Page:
Q. My mom was told she has a gallstone. What is that? Will she need an operation?
A. This is a common dilemma.
The mere presence of gallstones doesn’t mean that an operation is needed. In fact, many people have these stones with no symptoms.
Surgery is indicated when:
- Stones are large and block the bile duct (causing obstruction to the liver)
- The pancreatic duct is blocked causing pancreatitis
- Gallbladder is inflamed.
Causes and Composition of Gallstones
Bile is a fluid made by the liver to assist in the body’s fat digestion and stored in the gallbladder, a small sac under the liver on the right side.
When a fatty meal is eaten, the gallbladder contracts, spewing the bile into a duct that leads to the intestines where the fat is dissolved.
If there are imbalances in the constituents of bile, little crystals form and can develop in size from a grain of sand to a golf ball over months or years. They are typically formed from cholesterol, but may also be made up of calcium carbonate and other bile pigments like bilirubin.
Symptoms of Gallstones
Most people with gallstones don’t actually have symptoms. However, the signs of gallstone problems include:
- Pain in the abdomen or upper right part of your tummy (steady or intermittent)
- Pain in the upper back region or shoulder blades
- Possible jaundice with yellowing of the whites of the eyes
Abdominal sonogram or x-rays confirm the presence of gallstones.
Risks for Gallstones
There is an increased probability of developing gallstones if you:
- Are overweight
- Have a family history of gallstones
- Are over 55 years of age
- Had gastric bypass surgery or rapidly losing weight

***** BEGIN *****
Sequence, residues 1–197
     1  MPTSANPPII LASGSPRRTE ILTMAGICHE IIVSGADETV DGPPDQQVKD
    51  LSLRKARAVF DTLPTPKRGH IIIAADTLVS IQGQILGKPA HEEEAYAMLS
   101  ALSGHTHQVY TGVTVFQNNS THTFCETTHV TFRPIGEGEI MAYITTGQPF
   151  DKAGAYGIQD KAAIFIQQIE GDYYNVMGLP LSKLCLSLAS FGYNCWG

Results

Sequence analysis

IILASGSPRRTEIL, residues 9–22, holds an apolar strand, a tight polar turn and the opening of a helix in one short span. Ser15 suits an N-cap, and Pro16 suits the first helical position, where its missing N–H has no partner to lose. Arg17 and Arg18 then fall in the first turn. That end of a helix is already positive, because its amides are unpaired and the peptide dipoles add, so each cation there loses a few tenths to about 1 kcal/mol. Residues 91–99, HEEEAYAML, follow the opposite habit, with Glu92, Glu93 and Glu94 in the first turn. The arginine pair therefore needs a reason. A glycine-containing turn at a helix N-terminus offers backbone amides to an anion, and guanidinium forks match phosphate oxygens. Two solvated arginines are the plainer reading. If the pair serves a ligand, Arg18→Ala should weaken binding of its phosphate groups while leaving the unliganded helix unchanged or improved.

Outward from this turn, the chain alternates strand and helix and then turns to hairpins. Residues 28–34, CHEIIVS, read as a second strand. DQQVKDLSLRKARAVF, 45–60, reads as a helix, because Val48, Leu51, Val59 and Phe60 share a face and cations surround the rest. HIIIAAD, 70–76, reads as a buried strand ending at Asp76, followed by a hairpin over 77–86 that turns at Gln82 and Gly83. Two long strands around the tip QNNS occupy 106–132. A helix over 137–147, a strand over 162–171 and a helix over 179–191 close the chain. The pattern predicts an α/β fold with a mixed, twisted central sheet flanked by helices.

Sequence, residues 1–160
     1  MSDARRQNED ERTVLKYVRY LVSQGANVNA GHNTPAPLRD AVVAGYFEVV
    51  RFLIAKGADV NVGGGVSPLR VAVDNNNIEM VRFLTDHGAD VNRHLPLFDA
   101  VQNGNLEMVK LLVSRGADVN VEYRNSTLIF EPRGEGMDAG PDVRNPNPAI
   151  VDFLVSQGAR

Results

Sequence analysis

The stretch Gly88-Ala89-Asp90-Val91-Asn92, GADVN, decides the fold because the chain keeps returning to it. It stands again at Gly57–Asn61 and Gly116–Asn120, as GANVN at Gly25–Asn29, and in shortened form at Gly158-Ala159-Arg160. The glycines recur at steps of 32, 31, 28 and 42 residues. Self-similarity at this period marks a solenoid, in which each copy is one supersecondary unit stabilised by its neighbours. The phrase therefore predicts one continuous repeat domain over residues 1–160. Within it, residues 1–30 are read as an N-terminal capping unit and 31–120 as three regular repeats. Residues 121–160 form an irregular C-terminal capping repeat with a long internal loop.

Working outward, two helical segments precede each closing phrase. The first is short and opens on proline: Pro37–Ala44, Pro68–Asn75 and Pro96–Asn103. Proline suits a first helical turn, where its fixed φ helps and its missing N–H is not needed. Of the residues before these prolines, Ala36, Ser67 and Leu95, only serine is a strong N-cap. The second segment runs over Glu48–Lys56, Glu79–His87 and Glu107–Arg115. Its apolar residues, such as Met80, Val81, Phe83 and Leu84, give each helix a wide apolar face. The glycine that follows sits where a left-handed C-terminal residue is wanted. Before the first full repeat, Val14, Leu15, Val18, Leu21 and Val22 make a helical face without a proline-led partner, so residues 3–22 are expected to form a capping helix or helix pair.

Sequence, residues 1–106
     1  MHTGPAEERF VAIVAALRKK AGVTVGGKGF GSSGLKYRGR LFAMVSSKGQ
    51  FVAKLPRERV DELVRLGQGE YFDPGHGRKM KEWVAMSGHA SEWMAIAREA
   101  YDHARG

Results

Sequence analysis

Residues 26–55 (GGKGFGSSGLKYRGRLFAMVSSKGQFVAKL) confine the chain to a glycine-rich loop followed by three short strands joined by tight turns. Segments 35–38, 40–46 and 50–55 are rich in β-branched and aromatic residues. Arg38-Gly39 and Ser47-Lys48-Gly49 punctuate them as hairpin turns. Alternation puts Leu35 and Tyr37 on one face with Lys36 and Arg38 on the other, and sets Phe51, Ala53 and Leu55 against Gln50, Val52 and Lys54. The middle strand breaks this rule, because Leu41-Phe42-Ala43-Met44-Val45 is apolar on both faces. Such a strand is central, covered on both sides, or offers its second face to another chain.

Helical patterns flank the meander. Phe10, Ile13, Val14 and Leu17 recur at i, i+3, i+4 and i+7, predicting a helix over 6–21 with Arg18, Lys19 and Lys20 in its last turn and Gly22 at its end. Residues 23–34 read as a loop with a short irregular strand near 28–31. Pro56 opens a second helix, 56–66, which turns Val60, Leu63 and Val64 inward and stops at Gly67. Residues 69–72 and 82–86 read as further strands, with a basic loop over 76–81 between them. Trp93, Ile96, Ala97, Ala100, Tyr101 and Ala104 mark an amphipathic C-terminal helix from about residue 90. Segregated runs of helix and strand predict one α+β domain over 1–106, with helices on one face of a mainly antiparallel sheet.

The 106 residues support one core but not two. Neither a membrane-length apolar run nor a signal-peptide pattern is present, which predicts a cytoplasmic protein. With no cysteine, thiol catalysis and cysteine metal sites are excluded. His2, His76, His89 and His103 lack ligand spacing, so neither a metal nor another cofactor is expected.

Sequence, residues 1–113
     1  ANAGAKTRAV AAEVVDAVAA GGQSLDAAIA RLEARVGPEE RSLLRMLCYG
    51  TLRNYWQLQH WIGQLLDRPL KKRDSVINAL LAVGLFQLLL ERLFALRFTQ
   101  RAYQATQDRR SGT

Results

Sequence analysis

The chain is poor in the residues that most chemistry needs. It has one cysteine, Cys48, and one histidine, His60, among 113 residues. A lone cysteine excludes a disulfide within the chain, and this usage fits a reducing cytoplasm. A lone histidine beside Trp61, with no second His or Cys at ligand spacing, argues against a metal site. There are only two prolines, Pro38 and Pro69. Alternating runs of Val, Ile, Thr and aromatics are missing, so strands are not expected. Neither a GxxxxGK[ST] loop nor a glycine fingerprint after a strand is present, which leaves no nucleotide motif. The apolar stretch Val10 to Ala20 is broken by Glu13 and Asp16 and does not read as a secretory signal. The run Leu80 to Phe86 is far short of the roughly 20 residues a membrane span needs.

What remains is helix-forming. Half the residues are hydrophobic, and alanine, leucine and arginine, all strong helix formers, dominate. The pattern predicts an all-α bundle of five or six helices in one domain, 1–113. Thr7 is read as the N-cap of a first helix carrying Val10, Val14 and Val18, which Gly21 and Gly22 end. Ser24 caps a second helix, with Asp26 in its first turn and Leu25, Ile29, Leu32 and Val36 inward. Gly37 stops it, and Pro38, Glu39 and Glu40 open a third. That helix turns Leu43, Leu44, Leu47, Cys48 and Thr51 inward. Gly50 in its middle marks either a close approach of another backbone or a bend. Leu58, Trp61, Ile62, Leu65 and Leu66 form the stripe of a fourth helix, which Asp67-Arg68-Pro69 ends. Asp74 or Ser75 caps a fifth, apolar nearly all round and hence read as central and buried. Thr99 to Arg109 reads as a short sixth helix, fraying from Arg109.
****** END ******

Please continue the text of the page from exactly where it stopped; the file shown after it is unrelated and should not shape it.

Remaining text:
- Are pregnant
- Are taking estrogen or certain other medications
- Have Crohn’s disease or cirrhosis of the liver
If there are no symptoms, no treatment is needed. Many people can control symptoms by maintaining a low fat diet and decreasing milk and other calcium-rich foods.
Having one attack does not mean that a second will ever occur. Pain medication may be all that is warranted. However, if a second pain attack occurs, a repeat incidence is likely and thus removal of the gallbladder is suggested.
Surgery is generally performed as a laparoscopic procedure where small incisions are made into the abdomen. Instruments penetrate into the abdominal cavity through these cuts and the gallbladder is retrieved with sutures and cauterization. Usually, the procedure only requires a one-night hospital stay and recovery is usually rapid.
Bodies function well despite the absence of a gallbladder. Bile circulates from the liver directly to the intestine where the food is digested and absorbed.
By exercising and eating a proper nutritious diet, one can avoid problems with gallstones. Enjoy making some meals with your Mom. You’ll both be healthier and delight in the time spent together.